Virginia DC operators aren't the only ones running into problems getting enough power to support their campuses. Prior to the Oregon bill's demise, Amazon said it would transition some of its Oregon datacenters to fuel cells, and not the hydrogen powered ones used in space flight. These fuel cells run on natural gas and produce, and like all fossil-fuels produce CO2 as a byproduct, a move at odds with Amazon's stated sustainability goals, which include transitioning facilities to 100 percent renewable energy by 2025.

While Amazon pitched it as a way to power a small number of its operations in Oregon, it's by no means a small deployment. The company's initial plan calls for 75 megawatts of fuel cell capacity across three datacenters, and could be extended to include four additional sites in the future.

In a blog post last week, Amazon boasted that its operations in the state were already powered by at least 95 percent renewable energy, and it had signed agreements with local utilities to push that to 100 percent. However, the post made no reference to renewable energy credits (RECs), power purchase agreements, or other methodologies for offsetting carbon emissions in regions where green energy isn't readily available or adequate to support facilities with power demands measured in tens of megawatts. The Register asked Amazon for clarification and was told that the company may "purchase additional RECs to signal our support for renewable energy in the grids where we operate in line with the expected generation of the projects we have contracted."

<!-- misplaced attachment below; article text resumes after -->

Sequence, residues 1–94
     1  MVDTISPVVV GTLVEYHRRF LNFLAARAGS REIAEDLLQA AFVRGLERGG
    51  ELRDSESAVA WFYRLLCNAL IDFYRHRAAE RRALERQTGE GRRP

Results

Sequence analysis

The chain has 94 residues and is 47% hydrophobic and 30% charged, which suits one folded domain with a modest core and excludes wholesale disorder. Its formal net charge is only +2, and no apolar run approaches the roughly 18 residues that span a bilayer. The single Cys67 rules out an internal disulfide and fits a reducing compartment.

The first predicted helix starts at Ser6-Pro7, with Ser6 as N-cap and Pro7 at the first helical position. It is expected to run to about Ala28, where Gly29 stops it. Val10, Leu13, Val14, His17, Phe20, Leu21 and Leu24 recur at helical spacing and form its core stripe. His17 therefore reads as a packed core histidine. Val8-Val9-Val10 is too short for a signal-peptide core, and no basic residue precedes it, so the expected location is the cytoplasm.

Given the company's investments in natural gas fuel cells, it seems likely the company will rely on RECs to achieve these goals, though it's possible that company could transition to a "green hydrogen" supply in the future.

While Amazon has successfully dodged regulatory scrutiny in Oregon for now, it may not be long before it and other hyperscalers attract the attention of Federal regulators.

Last fall the White House Office of Science and Technology penned a report examining environmental impacts of these facilities. While the report focused primarily on cryptomining operations, investigators noted that US datacenters were roughly comparable in terms of power consumption. In fact, datacenters are likely to be a bigger target following Ethereum's move to proof of stake, which substantially reduced the power consumption of the popular cryptocurrency.

In the wake of the report, Senators Ed Markey (D-MA), Jeff Merkley (D-OR) and Bernie Sanders (D-VT) have introduced a bill calling for an interagency investigation into whether these facilities are in violation of the Clean Air Act.

Setting an example

Across the pond, the European Commission is in the process of reviewing [PDF] the Energy Efficiency Directive, which among other things would institute reporting requirements for all but the smallest datacenters.